Wednesday, April 05, 2017

And then depression set in… at the EPA

by Jazz Shaw

Hard times have arrived at the Environmental Protection Agency. It’s not just the budget and staff cuts which have the long time staffers down in the dumps. It seems that they feel the new boss, Scott Pruitt, as well as his boss, aren’t exactly onboard with the old agenda which they’ve grown used to over eight years under Barack Obama. According to this report from the LA Times, this has some of them feeling so glum and hopeless that they are thinking of leaving their plush, virtually fire-proof jobs and heading out in search of greener pastures. The pressure is such that Jared Blumenfeld, a regional EPA administrator, says his phone is “ringing off the hook.”
“The number one call I get everyday is, ‘Jared, can you help us find work somewhere else,’” said Blumenfeld, who ran the regional office of the EPA encompassing California, Nevada and Arizona until last May. His advice? Don’t quit, fight. “I try to tell people that staying and doing your job at this point in history is an act of resistance, that if they leave, we will wind up with gaps in the system.” That message is not always well received from employees now working for an administration that has openly accused the agency of producing junk science, pursuing a political agenda and abusing its authority.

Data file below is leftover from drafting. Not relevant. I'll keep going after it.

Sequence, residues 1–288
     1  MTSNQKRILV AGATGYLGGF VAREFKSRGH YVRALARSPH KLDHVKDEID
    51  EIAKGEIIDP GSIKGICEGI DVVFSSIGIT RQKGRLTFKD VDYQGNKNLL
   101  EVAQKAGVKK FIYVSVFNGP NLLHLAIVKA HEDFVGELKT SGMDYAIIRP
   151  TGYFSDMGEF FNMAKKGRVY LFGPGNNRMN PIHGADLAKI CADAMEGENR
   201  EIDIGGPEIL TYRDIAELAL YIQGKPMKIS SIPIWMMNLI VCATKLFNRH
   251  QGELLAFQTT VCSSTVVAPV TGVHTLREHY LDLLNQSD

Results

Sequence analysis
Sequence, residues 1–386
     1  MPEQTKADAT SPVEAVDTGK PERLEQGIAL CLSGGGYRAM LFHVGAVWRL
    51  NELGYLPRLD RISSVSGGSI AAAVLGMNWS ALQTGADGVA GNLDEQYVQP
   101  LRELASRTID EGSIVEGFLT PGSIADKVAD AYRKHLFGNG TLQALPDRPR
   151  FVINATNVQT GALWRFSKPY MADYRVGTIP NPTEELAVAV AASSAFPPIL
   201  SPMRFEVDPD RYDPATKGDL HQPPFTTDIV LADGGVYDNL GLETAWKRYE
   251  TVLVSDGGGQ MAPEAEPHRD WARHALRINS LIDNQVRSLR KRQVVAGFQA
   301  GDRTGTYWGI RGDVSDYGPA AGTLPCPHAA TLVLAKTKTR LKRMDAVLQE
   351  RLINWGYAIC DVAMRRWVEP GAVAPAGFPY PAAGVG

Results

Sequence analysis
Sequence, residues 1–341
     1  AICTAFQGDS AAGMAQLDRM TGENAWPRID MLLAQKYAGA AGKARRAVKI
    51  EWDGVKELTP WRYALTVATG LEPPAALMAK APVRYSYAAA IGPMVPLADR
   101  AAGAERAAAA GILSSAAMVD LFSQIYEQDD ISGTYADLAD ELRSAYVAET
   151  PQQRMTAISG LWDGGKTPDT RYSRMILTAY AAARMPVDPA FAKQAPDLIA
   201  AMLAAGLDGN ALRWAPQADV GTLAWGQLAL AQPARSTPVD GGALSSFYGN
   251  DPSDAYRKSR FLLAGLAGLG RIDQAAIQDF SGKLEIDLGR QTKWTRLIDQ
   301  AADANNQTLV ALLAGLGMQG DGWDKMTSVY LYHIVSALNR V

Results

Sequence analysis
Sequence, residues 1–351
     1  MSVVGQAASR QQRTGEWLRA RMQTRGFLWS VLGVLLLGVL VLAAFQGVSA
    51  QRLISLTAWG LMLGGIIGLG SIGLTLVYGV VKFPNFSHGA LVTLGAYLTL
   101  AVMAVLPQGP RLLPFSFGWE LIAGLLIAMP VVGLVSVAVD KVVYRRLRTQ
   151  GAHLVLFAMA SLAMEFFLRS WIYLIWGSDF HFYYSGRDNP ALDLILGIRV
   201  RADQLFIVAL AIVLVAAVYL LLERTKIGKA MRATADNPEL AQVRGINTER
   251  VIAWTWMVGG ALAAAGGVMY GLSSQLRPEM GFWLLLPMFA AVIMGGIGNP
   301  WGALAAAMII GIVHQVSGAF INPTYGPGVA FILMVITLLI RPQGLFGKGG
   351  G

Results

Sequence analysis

...But not everyone seems to be sad about the reductions in both personnel and regulations at the EPA. There’s an excellent piece out this week at Reason from John Stossel in which he asks the beleaguered staff at the agency to simply give him a break.
Some of what regulators do now resembles the work of sadists who like crushing people. In Idaho, Jack and Jill Barron tried to build a house on their own property. Jack got permission from his county. So they started building. They got as far as the foundation when the EPA suddenly declared that the Barrons’ property was a “wetland.” Some of their land was wet. But that was only because state government had not maintained its own land, adjacent to the Barrons’ property, and water backed up from the state’s land to the Barrons’. The EPA suddenly said, “You are building on a wetland!” and filed criminal charges against them. Felonies. When government does that, most of us cringe and give up. It costs too much to fight the state. Government regulators seem to have unlimited time and nearly unlimited money.
That’s only one of many EPA horror stories being told by Stossel. Those who have been following these regulatory nightmares which periodically show up in the news are probably already familiar with the Barrons. They wound up living in a trailer and going bankrupt, after falling hundreds of thousands of dollars in the hole from fighting the EPA. And they aren’t alone...

1 comment:

Anonymous said...

Consequences Congress never intended by EPA ACE using the Clean Water Act, Clean Air Act, Endangered Species Act as excuses to take away property rights and uses by regulations.
Yet our New Mexico Congressman and Senators do nothing to protect us or restore Rights, "it's to hard".